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Thinking about Transport in Pune

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The Transport system - and problems - in Pune are different Edit

   The  point of this note is that Transport in Pune is different 

from those characteristic of other cities and countries which are often used as a template in the design of innovative solutions - such as BRT, Public cycle-rental, etc.

The make-up of our traffic is different Edit

  • There are more pedestrians,
  • There are more cycles; cycles are used more for purposeful movement, rather than for recreation.
  • There are 4-wheel hand-carts. Some of these are moving; most are stationary. At night they too are parked, usually on sidewalks.
  • There are very very many more motorized two-wheelers. These are by far the bulk of vehicles on our roads, and there has been no study of how their behaviour can be modelled. The only comparison possible is with VietNam, where some studies have indeed been done.
  • There exist many three-wheelers used as taxis.
  • There exist three-wheeled and small 4-wheel commercial vehicles.
  • There are all kinds and sizes of cars.
  • There are many bus-sized vehicles, both public and private. Public busses have stops in the left lane.
  • There is almost universal use of sidewalks for other purposes than pedestrians, which makes most people walk on the road.
  • Vehicles - particularly (private) busses, and in commercial areas, trucks - are frequently parked on roads for long periods of time, thereby blocking a lane of traffic.
  • Areas near places where people congregate - even if only intermittently - such as Railway stations, bus terminii, temples or markets, tend to have very undisciplined parking behaviour, perhaps because a short-term disruption is ignored both by the police and the public.

What questions do these differences raise? Edit

What questions do these differences raise when we are designing a Transport System - specifically how do we design Bus Systems (even BRTs) or Metro systems for a city the size of Pune?

Some questionsEdit

  • When thinking about BRT on existing roads ("rights of way") in Pune, we must recognise that if we carve out specific lanes (e.g. two) in the centre of the road for the BRT busses, basically we are denying that much of the road surface to all other vehicles. This is possible, e.g. on the new (10-lane) Alandi road, but is hardly fair on Satara Road, or even on the Hadapsar Road, let alone on Shankarshet Road. (In Bogota, they have a much poorer population, huge wide roads, very few motorcycles, and no handcarts. Exclusive BRT pathways are feasible there.)

In general, in Pune -- except on new inter-urban expressways to new townships or suburbs, where we can safely ignore the existence of motorcycles, bicycles, pedestrians, handcarts, and all kinds of 3- and 4-wheeled commercial vehicles -- this reservation of large parts of the roadway system for BRT vehicles is not possible -- the roads simply cannot spare 2+ lanes from the roadway for a BRT. Therefore some other kind of "BRT" must be thought of.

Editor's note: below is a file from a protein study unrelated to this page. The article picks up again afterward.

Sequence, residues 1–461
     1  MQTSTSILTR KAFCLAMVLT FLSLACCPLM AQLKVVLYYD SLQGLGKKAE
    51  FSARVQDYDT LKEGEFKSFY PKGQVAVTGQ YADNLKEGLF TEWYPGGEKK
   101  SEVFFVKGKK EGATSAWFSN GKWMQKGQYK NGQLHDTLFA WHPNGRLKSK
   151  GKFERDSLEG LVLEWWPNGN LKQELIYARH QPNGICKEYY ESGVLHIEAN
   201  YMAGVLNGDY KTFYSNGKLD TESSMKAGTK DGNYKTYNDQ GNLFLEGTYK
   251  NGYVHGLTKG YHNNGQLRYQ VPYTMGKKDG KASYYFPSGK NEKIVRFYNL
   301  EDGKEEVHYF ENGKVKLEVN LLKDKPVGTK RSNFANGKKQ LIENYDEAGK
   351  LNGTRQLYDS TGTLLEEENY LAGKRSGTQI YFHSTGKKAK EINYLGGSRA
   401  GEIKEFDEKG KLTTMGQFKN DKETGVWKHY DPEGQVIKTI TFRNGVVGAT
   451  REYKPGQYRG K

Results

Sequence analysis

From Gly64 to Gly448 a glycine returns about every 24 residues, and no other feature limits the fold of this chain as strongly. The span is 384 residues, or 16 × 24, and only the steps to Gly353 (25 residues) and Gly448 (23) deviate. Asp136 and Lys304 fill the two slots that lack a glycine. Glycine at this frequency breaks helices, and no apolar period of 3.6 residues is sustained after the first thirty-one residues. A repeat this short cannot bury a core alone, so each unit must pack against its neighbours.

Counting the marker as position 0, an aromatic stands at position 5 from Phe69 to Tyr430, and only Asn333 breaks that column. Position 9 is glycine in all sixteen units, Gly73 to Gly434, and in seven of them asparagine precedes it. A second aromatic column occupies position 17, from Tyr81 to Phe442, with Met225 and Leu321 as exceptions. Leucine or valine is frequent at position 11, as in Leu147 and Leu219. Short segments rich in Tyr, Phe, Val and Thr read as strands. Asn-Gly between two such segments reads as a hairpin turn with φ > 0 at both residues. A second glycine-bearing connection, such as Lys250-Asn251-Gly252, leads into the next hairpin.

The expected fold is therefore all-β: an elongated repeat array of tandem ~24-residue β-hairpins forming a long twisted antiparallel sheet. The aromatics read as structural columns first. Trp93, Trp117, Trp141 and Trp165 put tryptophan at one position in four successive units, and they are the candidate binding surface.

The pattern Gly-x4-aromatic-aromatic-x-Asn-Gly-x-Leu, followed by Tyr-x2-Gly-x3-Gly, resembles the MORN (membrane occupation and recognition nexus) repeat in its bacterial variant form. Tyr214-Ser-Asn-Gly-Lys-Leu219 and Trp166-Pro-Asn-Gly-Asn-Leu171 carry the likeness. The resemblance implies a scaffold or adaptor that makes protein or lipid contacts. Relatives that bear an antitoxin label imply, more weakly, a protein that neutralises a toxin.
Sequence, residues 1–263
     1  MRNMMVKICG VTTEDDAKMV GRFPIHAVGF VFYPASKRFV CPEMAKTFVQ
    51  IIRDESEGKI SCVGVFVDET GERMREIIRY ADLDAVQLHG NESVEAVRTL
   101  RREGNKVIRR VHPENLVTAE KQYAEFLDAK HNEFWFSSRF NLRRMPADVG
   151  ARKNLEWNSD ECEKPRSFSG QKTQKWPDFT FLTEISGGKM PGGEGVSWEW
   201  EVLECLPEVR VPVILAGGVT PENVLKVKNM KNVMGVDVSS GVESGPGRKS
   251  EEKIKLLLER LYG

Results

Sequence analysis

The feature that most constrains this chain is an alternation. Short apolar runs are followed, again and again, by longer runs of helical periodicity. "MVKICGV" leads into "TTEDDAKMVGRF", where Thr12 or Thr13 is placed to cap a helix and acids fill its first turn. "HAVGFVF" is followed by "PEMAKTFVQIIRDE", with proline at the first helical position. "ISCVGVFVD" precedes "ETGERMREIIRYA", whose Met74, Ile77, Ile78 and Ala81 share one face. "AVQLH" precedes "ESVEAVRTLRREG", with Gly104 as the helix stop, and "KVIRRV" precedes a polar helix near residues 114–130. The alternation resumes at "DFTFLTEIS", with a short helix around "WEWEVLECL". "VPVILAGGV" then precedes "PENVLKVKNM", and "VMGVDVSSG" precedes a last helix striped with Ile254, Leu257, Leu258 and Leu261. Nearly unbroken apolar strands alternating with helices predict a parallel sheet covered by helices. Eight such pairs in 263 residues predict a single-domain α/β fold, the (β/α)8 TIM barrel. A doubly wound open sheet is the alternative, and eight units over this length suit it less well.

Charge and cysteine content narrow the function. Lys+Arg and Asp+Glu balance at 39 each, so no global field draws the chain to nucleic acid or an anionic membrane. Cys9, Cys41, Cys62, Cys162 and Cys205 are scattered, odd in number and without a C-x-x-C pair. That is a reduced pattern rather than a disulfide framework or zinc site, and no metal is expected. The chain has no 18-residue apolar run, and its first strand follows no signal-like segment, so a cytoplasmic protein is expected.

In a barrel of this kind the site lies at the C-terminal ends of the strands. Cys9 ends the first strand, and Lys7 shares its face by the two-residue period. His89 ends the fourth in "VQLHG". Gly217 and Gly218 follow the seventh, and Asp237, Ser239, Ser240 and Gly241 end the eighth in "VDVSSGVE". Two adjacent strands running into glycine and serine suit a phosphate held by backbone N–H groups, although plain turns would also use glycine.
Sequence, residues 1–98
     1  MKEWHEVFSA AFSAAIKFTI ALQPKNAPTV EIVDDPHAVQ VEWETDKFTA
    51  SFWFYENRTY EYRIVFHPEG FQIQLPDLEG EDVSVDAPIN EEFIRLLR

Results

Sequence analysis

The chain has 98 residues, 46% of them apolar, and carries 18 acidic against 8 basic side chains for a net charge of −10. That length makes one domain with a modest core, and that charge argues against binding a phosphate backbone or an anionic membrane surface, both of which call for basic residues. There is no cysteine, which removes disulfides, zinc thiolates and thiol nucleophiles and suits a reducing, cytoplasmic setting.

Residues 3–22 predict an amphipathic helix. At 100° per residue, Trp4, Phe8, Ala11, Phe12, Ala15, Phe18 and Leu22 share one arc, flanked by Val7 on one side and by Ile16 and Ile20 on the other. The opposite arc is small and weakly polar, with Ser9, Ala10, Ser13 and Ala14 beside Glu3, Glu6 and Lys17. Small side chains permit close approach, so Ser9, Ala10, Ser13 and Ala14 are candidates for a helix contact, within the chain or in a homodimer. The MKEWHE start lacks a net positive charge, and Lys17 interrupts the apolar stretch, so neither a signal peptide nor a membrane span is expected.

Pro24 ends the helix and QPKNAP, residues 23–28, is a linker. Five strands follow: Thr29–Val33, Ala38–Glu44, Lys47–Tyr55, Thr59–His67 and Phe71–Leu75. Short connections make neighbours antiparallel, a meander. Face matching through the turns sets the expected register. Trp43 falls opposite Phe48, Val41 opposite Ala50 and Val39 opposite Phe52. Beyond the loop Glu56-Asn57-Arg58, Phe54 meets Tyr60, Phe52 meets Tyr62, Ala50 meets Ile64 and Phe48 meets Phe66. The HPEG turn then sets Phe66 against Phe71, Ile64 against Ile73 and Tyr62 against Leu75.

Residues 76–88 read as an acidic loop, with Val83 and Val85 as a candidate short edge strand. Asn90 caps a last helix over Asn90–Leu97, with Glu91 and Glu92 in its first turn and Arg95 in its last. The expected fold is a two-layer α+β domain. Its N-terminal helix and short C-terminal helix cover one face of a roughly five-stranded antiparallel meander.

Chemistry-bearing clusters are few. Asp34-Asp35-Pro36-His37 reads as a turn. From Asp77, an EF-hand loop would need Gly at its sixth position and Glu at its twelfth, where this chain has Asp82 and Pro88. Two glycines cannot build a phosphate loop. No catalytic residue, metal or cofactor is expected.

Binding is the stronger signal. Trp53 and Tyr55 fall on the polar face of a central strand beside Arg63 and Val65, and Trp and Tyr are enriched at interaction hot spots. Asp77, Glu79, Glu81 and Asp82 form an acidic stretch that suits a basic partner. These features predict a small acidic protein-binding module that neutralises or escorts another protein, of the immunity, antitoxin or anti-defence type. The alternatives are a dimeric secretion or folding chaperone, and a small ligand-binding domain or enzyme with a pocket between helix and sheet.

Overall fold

• Given the predominance of motorcycles in Pune, given their primary use for commuting-to-work and commuting-to-college during the rush hours (and for family outings in the evening) it makes sense to consider how motorcycle-based movement can be made safer. One direction of thought here is that we would like to make motorcycle-use for commuting-to-work less necessary. This can be done by providing long-distance routes by express busses, and to collect the originating passengers at bus-stations-with-parking. These nodal bus-stations can also have a number of shops and eateries, and function as change-over points for bus routes.
    • Problems will still exist at the destination, where we have to provide an alternative to the point-to-point (home to office) movement possibility which exists with motorcycles. In a place like Hinjewadi, the express busses themselves can stop outside the gates of each organisation. But in traditional industrial estates, where smaller enterprises exist on a grid of roads, it may be necessary to create a shuttle-bus service that continually services the industrial firms who are not covered by the express-bus routes. Such free shuttle-bus services are a frequent solution. One of the better ones is that in Palo Alto that goes between two railways stations and traverses the Stanford Campus and living areas.
  • Alternatives to BRT? BRT is fine for inter-urban (or urban-to-suburban) services. This could become a model we use for Pune, where increasingly new residential suburbs are coming up.

It has also been suggested already that upgrading of the regular bus services might be a change that would have a wide impact among users. This could mean smaller busses for congested city roads (shorter & narrower busses - 15-seaters), and also "Limited-Stop" or "Express" busses, much as they have been in use in Mumbai for over 6 decades. These would run on the same roads as before, with stops on the side of the road, but would be differentiated by colour to indicate that they would only stop at (say 5 or 6) places between the terminals. Ticketing would need to be thought about, so that passengers can transfer to and from "local" busses without requiring a fresh transaction.

Several new types of ticketing can be thought of: RFI cards - these need only be carried into the bus; no swiping is needed. Validity could be like monthly passes - but only between certain specific bus-stops or stations; else greater coverage & shorter validity - a day or a week, for all busses on some or many routes. Since these are to be recognised by computers on the bus, it possible to make the RFI cards quite flexible while maintaining a low cost of manufacture. (Renewals of monthly passes could be done on the same card.)

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